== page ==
I don't know that their not going really relates to what they think about when kol isha starts.

    "(the Sheveit haLevi in vol 5 takes a very hard line on kol isha and prohibits singing zmiros together, hearing a radio broadcast, and advises that even all girl schools should perform singing softly lest male neighbors hear)."

    what does this have to do with when kol isha starts, or is the bit about girls schools referring to young girls? I know ppl who are machmir on all of the above, yet allow their girls to sing when men are around till age 11 or so

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  3. I think that with all the conflict we have in the Jewish community nowadays over chumrah and other assorted right-moving phenomena, it is best for schools to be meikil and save their battles for more crucial issues.

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  4. >>>do mothers go to boys school events in the circles where fathers dont go to girls school events?

    Don't know, but boys schools don't really put on too many of these type things.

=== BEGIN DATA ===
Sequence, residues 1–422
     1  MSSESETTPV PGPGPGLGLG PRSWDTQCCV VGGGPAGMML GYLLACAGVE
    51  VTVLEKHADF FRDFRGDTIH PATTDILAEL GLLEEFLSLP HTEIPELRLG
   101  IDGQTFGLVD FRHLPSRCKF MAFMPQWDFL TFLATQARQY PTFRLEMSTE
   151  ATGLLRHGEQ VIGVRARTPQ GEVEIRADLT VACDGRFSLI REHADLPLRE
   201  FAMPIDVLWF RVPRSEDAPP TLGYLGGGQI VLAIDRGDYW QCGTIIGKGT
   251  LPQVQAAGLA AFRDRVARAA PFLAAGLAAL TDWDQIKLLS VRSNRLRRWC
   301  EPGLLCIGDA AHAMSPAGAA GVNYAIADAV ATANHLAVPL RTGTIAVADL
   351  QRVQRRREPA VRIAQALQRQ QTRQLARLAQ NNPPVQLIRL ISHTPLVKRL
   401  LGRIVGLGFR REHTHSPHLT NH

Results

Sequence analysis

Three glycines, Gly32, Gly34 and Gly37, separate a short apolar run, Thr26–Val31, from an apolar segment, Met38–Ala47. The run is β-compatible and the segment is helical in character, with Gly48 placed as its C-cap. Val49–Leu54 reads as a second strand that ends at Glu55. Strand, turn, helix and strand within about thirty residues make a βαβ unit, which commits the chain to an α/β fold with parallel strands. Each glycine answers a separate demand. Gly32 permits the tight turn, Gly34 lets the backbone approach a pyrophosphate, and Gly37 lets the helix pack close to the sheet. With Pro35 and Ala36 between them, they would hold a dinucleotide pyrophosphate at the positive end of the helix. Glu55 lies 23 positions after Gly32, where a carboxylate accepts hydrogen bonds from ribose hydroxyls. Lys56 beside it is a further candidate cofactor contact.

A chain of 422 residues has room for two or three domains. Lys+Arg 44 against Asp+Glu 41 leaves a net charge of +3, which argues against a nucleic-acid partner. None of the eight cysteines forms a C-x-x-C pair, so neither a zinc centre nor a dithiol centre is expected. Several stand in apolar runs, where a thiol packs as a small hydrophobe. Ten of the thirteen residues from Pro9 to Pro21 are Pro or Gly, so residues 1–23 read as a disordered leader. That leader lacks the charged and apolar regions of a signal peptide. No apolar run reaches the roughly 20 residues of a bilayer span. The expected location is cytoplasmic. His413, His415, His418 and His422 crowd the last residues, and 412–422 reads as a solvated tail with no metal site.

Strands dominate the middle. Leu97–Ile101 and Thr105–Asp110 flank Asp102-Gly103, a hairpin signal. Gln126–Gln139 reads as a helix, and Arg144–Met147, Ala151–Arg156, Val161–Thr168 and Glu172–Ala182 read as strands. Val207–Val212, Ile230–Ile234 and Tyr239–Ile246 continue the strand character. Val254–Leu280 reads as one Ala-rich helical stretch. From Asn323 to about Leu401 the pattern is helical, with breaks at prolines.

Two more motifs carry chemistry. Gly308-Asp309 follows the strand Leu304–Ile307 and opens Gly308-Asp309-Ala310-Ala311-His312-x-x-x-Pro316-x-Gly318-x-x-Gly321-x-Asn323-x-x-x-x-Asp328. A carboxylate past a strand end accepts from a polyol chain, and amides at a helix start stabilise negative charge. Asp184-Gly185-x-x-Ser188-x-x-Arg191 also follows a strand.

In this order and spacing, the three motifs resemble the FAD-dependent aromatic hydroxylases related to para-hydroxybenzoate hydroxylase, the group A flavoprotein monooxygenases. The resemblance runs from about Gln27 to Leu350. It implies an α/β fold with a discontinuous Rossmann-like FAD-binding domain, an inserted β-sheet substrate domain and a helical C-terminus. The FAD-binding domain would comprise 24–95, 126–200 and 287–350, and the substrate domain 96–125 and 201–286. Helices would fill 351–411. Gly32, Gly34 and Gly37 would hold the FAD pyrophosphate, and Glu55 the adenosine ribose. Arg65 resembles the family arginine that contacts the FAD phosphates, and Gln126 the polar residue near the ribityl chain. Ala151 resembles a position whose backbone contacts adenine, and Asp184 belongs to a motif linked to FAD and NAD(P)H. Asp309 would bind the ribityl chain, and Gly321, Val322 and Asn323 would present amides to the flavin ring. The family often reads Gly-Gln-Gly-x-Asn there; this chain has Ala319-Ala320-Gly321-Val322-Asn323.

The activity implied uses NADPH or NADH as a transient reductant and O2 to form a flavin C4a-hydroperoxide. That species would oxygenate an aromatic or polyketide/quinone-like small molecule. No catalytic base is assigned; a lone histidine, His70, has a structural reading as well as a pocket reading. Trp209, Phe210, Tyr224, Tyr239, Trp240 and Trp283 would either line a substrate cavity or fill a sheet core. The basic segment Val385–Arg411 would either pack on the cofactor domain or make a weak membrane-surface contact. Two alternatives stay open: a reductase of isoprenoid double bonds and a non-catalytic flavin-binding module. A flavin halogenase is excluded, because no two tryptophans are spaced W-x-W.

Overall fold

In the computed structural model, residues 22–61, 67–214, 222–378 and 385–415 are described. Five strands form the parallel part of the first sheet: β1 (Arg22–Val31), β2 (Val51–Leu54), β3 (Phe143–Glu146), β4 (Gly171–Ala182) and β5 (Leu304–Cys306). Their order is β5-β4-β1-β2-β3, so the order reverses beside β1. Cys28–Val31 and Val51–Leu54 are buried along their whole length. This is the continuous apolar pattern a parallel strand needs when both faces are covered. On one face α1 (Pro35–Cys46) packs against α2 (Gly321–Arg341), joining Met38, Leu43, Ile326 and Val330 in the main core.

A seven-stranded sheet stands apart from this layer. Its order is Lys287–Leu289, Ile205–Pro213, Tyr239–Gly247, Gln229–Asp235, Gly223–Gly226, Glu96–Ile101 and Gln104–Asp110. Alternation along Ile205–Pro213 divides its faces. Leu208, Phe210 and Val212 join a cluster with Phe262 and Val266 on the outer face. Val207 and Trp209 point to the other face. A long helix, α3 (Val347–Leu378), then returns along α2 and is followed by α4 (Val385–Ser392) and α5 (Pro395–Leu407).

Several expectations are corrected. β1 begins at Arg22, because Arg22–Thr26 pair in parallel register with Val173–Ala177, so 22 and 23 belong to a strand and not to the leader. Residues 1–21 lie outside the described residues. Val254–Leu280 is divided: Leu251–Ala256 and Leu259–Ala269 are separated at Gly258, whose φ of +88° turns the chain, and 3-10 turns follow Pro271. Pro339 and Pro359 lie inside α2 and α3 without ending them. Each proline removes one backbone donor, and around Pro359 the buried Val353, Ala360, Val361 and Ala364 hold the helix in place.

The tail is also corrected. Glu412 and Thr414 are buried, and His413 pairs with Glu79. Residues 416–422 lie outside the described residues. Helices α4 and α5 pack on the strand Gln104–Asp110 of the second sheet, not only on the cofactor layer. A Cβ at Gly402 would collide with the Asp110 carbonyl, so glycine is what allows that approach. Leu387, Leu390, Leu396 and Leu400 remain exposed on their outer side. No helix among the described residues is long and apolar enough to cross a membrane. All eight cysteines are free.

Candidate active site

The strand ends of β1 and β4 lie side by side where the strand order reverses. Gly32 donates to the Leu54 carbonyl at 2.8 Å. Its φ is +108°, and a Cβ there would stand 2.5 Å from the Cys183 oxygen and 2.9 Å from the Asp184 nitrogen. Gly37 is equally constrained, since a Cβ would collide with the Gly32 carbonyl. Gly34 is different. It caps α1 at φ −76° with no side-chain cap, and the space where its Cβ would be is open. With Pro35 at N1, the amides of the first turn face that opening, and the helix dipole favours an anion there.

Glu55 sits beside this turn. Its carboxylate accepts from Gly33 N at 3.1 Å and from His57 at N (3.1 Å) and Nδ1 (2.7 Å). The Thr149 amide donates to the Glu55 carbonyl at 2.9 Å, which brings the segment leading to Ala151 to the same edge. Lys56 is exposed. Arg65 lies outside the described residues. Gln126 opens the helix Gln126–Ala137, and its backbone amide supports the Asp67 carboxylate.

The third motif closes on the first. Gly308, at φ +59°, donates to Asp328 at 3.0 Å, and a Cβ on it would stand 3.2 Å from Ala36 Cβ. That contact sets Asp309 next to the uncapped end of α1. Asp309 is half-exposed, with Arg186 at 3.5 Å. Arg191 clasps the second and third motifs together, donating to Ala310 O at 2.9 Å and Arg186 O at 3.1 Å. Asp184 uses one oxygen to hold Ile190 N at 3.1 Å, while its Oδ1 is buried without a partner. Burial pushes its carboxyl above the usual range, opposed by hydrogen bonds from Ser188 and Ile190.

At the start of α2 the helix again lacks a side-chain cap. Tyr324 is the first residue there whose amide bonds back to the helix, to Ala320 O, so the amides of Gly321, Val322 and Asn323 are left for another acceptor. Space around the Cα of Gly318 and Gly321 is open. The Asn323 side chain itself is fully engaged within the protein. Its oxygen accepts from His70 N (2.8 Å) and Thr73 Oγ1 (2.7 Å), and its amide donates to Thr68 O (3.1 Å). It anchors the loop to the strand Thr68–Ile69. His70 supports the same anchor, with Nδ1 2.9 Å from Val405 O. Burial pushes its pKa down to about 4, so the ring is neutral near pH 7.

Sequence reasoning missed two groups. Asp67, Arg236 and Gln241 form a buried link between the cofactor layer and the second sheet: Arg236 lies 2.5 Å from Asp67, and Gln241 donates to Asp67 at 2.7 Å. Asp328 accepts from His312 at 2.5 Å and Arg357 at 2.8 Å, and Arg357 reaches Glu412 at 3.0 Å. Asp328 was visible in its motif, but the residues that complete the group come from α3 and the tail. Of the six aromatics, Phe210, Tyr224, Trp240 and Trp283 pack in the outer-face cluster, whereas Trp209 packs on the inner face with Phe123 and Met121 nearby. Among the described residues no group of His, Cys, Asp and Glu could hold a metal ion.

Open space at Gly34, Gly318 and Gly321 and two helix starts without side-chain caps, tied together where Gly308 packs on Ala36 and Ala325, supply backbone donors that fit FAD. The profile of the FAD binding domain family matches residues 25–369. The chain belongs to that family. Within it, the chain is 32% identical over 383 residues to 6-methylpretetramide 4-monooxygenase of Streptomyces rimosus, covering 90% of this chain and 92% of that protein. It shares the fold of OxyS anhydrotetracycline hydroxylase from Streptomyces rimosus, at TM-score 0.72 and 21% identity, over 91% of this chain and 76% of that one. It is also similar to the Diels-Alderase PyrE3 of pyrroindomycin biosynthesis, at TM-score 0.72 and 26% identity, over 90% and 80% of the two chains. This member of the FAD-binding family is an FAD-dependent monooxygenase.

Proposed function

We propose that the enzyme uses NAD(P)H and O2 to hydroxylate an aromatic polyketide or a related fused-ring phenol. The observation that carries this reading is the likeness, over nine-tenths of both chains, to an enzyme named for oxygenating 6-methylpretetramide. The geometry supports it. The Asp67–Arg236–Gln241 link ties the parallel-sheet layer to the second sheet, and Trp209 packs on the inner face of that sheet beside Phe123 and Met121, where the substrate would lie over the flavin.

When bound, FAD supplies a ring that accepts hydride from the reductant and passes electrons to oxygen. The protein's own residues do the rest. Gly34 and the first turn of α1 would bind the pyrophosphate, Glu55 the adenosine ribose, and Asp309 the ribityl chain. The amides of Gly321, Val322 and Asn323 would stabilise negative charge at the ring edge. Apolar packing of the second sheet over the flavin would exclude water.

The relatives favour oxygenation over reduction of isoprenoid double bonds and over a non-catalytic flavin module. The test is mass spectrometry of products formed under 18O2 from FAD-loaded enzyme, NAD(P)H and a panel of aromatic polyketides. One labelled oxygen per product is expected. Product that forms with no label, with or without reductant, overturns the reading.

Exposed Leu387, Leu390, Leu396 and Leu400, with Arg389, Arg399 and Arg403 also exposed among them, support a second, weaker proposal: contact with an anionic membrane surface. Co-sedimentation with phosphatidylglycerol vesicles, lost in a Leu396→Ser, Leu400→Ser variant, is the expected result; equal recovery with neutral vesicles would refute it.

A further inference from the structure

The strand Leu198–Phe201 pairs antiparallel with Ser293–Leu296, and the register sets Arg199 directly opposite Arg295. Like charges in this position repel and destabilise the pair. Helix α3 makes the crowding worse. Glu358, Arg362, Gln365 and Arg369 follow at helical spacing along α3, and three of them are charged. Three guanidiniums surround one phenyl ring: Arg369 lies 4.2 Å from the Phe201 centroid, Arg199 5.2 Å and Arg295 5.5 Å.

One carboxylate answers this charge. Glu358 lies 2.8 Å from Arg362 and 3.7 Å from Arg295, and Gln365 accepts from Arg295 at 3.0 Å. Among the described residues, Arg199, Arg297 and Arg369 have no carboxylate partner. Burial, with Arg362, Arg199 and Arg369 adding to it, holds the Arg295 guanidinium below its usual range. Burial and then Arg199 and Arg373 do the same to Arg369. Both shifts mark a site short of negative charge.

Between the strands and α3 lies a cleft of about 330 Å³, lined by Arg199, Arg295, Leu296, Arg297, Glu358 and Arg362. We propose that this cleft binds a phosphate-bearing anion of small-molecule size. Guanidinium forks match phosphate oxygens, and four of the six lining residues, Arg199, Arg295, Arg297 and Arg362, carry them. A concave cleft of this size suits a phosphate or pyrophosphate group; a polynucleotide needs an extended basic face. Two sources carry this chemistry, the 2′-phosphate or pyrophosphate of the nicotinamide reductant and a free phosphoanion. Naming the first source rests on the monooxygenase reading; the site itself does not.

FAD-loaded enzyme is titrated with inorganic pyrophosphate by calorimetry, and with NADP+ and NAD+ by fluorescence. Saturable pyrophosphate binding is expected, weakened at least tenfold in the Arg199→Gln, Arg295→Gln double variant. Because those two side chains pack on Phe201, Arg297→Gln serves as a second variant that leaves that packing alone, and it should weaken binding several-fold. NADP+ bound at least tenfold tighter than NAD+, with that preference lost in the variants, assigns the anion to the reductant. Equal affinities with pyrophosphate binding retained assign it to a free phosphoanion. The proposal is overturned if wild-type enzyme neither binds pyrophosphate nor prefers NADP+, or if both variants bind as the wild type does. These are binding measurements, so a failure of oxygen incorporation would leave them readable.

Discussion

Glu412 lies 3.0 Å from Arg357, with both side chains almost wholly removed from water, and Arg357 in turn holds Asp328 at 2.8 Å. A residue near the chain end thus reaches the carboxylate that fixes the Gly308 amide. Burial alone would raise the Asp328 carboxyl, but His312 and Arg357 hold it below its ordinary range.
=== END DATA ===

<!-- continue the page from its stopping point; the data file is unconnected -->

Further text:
>>>what does this have to do with when kol isha starts,

    My suggestion is that given the Sheveit haLevi's general approach, one would expect a climate of greater chumra. Contrast his teshuvah with that of the Seridei Eish.

    >>>it is best for schools to be meikil and save their battles for more crucial issues.

    R' Moshe made the same point. The questioner had written asking to know the ikar hadin to avoid a conflict over chumra with an unsupportive parent body.

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  5. timely topic - daf yomi kiddushin 70a last line: kol b'isha ervah

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  6. Anonymous2:38 AM

    "My suggestion is that given the Sheveit haLevi's general approach, one would expect a climate of greater chumra. Contrast his teshuvah with that of the Seridei Eish."

    I'm unclear about that, because there definitely are people who are machmir like the Shevet halevi who are not makpid on girls under 11 or so. (maybe machmir like the Shevet halevi with the exception of not being inclined to gie warnings not to sing indoors lest men on the street hear, but i think that is generally a sensibility about tznius rather than about kol isha pre se)
    In my home, we were makpid on radio and tapes and zmiros, but girls sang till age 11 or so (or whenever they decided they didn't want to, sometimes a little earlier). In fact I assumed most yeshivishe didn't listen to kol isha on radio and tapes until I discovered that many do. I never saw women sing zemiros in front of unrelated men outside of MO circles. So I don't think the chumras of the Shevet Halevi are particularly suprising, as you seem to find them.
    Or am i misunderstanding and he is saying not to listen to a woman's voice on broadcast even if she is not singing (??)